10/25 Shingletown shoot-out report

by Bruce Sayre

I arrived at the air strip alone late PM Thursday and started set up around 5:30 at the far north end of the strip. It was windy but clear. I did a little observing, but retired at midnight. I'd say winds were 5-15 mph, with gusts to 25. Good transparency; mediocre seeing.

On Friday, Dan Gray and Mel Bartels arrived from Oregon and settled in on the opposite side of the strip. Dan brought his new 28" string scope and Mel brought his 20" tri-lateral Dob. Dan had added digital setting circles since OSP and was using them with David Lane's "Earth Centered Universe" planetarium software. As Dan manually slewed the telescope, the software displayed its location, the target and nearby objects. Various zoom levels afforded simple object location, as long as Dan's startup initializations are accurate and he could read the display.

Friday night was worse. Winds gusted over 30mph. Vibration plagued us all, seeing was poor, and transparency was a little worse. We spent over an hour comparing views of NGC 891 between all three instruments. Views of the galaxy's dust lane were very much the same between the 22" binocular and the 28" with regard to detail and surrounding stars, although one really faint star was easier to see on the 28". Dan's mirror is still a work in process, and only temporarily silvered, so it was optically unfinished and the silver surface was slightly tarnished. Comparisons were no doubt affected. Mel's 20" probably has one of the finest optical surfaces made by an amateur, and performed nearly as well with its sharp images.

Because of the poor seeing, we threw in the towel around 1:00 AM. None of us drew any conclusions that night. At least the temperatures were balmy. This was the same night Jim Ster reported nearly being blown off the mountain at BC.

Saturday night we were joined by Bill and Shneor. Mel and I spent a few hours working on Shneor's encoders -- the first time we had tried them out. After getting them plugged in right and getting the motors going in the same direction as the encoders (stupid me), we had it up and running. Mel demonstrated the power of his SCOPE software by automatically panning Shneor's 22" around the full circumference of the Veil Nebula. Under control of what's called a scroll file, the scope stopped at a number of points in the Veil, then let panning continue when Shneor pressed a handpaddle button.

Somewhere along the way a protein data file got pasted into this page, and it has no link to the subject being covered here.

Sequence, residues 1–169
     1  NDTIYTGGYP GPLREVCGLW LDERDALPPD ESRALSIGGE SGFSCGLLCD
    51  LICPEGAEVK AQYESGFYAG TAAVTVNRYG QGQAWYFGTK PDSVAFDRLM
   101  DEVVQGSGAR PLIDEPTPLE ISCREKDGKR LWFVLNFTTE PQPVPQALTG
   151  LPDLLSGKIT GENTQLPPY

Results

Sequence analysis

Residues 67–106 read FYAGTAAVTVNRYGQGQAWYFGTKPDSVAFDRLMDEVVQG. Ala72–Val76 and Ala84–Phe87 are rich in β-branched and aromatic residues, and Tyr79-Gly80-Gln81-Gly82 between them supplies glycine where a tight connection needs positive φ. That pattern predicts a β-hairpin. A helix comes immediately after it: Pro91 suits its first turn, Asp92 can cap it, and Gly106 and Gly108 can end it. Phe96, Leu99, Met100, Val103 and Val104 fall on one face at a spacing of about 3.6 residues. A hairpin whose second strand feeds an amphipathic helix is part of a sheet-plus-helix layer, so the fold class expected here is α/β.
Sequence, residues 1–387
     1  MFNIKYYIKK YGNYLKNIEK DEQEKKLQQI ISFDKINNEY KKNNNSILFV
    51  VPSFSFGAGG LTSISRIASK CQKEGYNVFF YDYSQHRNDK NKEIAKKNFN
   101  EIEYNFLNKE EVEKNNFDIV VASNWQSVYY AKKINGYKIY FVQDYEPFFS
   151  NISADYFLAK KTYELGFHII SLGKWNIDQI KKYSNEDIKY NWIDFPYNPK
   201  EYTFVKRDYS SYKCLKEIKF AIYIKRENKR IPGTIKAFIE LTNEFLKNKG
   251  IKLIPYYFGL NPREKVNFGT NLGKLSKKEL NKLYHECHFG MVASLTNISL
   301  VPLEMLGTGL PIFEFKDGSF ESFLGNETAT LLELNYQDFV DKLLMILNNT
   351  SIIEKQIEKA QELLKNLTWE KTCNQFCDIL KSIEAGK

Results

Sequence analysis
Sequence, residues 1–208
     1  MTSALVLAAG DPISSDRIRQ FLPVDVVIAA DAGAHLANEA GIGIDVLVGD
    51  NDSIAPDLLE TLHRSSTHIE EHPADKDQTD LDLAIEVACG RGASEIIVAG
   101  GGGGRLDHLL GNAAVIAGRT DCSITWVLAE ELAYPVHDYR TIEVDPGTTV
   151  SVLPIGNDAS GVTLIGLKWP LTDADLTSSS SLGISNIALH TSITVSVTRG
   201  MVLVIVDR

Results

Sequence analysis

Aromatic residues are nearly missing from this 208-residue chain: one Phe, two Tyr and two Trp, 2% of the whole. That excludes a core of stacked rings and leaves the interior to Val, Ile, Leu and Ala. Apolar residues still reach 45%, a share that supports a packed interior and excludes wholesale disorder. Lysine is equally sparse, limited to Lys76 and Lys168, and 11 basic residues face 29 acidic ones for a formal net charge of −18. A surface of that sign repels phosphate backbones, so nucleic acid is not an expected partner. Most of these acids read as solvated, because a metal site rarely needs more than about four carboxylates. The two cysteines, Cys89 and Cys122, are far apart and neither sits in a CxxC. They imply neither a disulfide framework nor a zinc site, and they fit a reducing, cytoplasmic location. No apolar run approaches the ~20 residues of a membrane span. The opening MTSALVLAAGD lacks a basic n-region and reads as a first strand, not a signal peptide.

The evening was more promising: the wind was down considerably, transparency was good and the seeing was average. We compared views of M110 and M57. We could easily pick out the spiral structure of M110 in both telescopes; the views were nearly identical.

We agreed the granularity of M57 was a little more impressive with the 22" binoculars. Pink sections of M57 were easily seen with the 22" binoculars. Magnification was 168X and no filters were used. Although not carefully compared, the binocular view of the Perseus double cluster was also considered very good.

Using Shneor's Denkmeier Binoviewer on the 28" provided the comfort of using both eyes, but differences in magnification due to eyepiece restrictions made image interpretation harder.

I think the consensus was this: the 22" binocular and the 28" were very comparable, although our brains really preferred to use both eyes and could do a better job picking up color and improving contrast. We agreed there really was a neurological effect. The comfort of using both eyes with the 22" seemed to reduce "noise" in the background, so images seemed smoother.

Dan, Mel and I think a 22" Newtonian binocular and a 30" monocular with a binoviewer would provide nearly identical views and comfort, although lower power options would be sacrificed with the 30". I think it would be great to try this again with Jim's 30". Maybe next year!